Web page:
CANMORE – The swift rise of Canmore's Britt Richardson as one of Canada’s top alpine skiing prospects might only take a backseat to her rocketing speed on the thin line.
The 17-year-old slopes star is the world’s top ranked giant slalom racer for her age and the youngest athlete selected to Alpine Canada’s new NextGen Program, which recognizes the next generation of top ski racers on track to potentially wear the Maple Leaf one day.
As a national team up-and-comer who could play an integral part in Alpine Canada's bold future plans, it brings both confidence and pressure to the teenage racer, said Richardson, but she recognizes expectations come with the territory for elite athletes.
“I think it’s a good way to help pursue my ski racing, especially if I want to do world cups,” Richardson said. “It was definitely a surprise to find out [I was selected to NextGen], and I’m happy to be a part of it. Hopefully it helps my skiing career.”
Benefits for being on the national team include potential government grants to aide promising and established careers, and with the NextGen program, its athletes have the prospective to attend world cup camps and train with the nation’s elite.
“Hopefully I can make the [world cup] team soon in a few years,” said Richardson. “It’s definitely a good way to start my career in this sort of high-level [atmosphere].”
Alpine Canada has kept an eye on the top Calgary Alpine racing prospect for the past few seasons and are impressed at what's beginning to blossom.
Last year, Richardson won silver and two bronze medals at the Canada Winter Games at her backyard course at Nakiska. She then attended Burke Mountain Academy in the fall, a top-ranked alpine ski racing school in Vermont, U.S., which has produced graduates such as Olympic gold medallist Mikaela Shiffrin.
The major advantage of attending a sport school is its commitment to developing budding athletes. When Richardson learned that her training regime would almost double per week, she jumped at the opportunity to relocate south of the border. As it would later show, her promising results at the Canada Winter Games were just a taste of her growth in the sport.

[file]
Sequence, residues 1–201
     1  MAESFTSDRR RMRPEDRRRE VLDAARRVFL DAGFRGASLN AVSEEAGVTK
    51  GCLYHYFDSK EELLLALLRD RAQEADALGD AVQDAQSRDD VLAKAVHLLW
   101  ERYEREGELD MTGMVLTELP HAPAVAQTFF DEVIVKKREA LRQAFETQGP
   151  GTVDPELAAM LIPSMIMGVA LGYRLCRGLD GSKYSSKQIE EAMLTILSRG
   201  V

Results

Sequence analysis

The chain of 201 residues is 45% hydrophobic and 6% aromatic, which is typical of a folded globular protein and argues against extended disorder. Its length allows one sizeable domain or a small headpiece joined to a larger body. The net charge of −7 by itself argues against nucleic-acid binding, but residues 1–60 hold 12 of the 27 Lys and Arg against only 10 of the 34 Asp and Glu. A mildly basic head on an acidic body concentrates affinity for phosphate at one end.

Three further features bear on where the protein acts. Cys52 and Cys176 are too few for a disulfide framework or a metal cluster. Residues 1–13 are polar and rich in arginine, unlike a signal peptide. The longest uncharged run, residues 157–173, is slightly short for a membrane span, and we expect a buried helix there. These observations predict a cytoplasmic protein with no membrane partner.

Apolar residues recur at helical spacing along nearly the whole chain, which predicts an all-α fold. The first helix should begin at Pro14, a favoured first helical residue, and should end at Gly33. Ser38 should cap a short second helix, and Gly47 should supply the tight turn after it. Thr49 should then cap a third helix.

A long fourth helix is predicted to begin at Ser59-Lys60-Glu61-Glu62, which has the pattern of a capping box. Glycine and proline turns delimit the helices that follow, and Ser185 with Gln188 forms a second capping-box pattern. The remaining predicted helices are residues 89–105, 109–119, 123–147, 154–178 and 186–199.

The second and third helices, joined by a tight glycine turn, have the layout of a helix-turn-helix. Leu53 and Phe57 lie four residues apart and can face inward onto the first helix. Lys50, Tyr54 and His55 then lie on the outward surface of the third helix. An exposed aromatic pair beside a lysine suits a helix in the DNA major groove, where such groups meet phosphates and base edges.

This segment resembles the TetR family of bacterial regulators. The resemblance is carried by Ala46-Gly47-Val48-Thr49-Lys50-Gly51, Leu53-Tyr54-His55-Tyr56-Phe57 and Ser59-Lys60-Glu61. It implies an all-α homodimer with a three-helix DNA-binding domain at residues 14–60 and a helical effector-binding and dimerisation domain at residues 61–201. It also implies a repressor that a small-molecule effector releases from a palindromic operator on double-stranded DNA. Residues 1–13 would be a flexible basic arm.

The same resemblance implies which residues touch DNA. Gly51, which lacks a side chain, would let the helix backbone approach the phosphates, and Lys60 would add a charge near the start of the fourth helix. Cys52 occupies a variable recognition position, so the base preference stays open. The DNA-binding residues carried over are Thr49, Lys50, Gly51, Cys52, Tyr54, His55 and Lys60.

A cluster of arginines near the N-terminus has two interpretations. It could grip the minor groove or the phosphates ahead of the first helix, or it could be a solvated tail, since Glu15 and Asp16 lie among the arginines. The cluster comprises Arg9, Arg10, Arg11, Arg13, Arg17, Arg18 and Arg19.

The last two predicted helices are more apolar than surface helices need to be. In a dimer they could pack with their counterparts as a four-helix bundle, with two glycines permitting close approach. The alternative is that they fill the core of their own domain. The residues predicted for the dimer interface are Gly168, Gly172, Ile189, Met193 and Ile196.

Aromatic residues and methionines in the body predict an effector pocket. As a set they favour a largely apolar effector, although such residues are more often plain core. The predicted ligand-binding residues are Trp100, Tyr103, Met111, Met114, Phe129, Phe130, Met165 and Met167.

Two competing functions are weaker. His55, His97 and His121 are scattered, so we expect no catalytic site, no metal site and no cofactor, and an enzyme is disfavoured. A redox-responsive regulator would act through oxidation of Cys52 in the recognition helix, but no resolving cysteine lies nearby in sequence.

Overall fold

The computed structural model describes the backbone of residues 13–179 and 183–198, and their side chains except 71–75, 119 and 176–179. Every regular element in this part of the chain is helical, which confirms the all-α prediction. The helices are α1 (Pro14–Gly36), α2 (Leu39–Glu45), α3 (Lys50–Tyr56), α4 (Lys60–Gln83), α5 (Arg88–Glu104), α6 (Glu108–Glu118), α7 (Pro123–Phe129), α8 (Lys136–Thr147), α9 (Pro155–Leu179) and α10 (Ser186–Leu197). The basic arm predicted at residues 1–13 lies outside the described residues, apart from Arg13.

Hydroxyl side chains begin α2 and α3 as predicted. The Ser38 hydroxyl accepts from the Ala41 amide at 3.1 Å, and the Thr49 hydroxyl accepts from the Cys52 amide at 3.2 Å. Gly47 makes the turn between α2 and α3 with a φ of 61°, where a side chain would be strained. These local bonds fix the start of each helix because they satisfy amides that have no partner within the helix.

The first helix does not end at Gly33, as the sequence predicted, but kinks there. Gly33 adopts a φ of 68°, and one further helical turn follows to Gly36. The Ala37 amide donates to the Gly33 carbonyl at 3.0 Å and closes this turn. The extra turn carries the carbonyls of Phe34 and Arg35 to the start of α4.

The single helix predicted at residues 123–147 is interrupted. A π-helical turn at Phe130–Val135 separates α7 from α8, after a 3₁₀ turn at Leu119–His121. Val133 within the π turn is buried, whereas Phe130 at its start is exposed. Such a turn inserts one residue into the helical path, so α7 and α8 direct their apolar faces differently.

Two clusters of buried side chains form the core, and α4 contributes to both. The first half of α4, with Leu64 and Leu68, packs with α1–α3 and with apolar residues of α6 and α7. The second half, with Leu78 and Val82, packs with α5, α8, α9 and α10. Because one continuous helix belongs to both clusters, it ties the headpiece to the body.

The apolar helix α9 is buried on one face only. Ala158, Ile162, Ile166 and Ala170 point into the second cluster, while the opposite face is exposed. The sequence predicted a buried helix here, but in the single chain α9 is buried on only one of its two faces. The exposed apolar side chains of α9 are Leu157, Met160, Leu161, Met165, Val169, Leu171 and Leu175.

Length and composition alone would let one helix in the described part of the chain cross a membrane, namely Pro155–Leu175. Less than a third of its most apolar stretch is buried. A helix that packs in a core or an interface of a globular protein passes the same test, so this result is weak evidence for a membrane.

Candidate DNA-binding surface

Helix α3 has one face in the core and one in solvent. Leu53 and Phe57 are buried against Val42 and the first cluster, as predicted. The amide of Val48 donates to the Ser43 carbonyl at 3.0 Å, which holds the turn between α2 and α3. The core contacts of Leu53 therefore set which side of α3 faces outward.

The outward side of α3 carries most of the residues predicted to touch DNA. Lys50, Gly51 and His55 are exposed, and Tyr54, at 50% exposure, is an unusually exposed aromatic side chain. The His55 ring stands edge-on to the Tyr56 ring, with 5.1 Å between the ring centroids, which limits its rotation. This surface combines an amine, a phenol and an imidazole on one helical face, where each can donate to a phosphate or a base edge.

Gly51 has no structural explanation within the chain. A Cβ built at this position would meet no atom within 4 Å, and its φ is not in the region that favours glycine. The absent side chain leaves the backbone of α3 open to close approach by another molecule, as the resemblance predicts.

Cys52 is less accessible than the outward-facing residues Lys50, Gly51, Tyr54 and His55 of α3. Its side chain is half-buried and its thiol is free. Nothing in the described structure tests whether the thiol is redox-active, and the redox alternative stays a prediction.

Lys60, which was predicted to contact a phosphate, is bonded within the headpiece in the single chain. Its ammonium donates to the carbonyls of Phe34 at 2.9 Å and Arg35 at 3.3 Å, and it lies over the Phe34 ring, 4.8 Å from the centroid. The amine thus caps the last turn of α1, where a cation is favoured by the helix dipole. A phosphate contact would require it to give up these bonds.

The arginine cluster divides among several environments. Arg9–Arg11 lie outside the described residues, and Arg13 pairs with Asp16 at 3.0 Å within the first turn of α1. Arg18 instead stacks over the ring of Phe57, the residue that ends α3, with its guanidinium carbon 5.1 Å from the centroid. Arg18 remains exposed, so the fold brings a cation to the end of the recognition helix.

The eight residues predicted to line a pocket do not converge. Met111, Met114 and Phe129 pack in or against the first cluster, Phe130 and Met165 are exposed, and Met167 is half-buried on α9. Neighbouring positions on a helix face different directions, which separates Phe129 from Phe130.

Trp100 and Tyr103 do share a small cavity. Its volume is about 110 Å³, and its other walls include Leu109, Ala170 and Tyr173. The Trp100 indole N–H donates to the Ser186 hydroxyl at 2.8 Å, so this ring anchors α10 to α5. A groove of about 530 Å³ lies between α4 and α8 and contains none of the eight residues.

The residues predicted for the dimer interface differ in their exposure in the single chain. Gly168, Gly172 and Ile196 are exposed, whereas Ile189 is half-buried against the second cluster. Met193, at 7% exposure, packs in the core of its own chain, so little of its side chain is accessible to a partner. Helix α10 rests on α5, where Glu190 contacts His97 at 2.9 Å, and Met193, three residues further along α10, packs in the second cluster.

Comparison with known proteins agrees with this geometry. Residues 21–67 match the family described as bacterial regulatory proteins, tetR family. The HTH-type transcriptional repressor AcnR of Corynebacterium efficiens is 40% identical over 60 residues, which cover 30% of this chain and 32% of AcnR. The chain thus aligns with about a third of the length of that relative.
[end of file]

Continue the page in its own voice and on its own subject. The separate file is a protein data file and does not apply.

In March, Richardson piled up six first place finishes in U.S. competitions for International Ski Federation (FIS) points before the COVID-19 virus pandemic hit. With a capability to surpass speeds of over 100 kilometres per hour, she left her mark on the international scene before the season ended.
According to FIS, the quick Canmorite is the fifth ranked international alpine racer in her age group and is ranked first in giant slalom, second in super-G, and ninth in slalom.
The teenager's alpine ski IQ and athleticism have impressed Alpine Canada’s newly appointed high-performance director Phil McNichol, who's been tasked with the organization's audacious goal of becoming a top-three ski nation by 2026.
“She’s first in the world in her age in giant slalom and giant slalom is real cornerstone event in terms of technical formation of skiing ability, so that’s really nice accolade for her,” McNichol said.
McNichol, a former U.S. men's alpine head coach, added that with a lack of a solid Canadian junior or development team, the NextGen Program showcases the athletes “on the right path.”
By selecting Richardson as the youngest athlete on the 2020-21 squad, McNichol is playing the long game for the bigger picture.
“[Having a NextGen program] also kind of benchmarks where you are as a country and you can see where you’re trending and how well you’re doing with different age groups in the system and those are things that clearly put [Richardson] out in the forefront of our radar, so to speak. We’re very encouraged about where she’s currently ranked,” he said.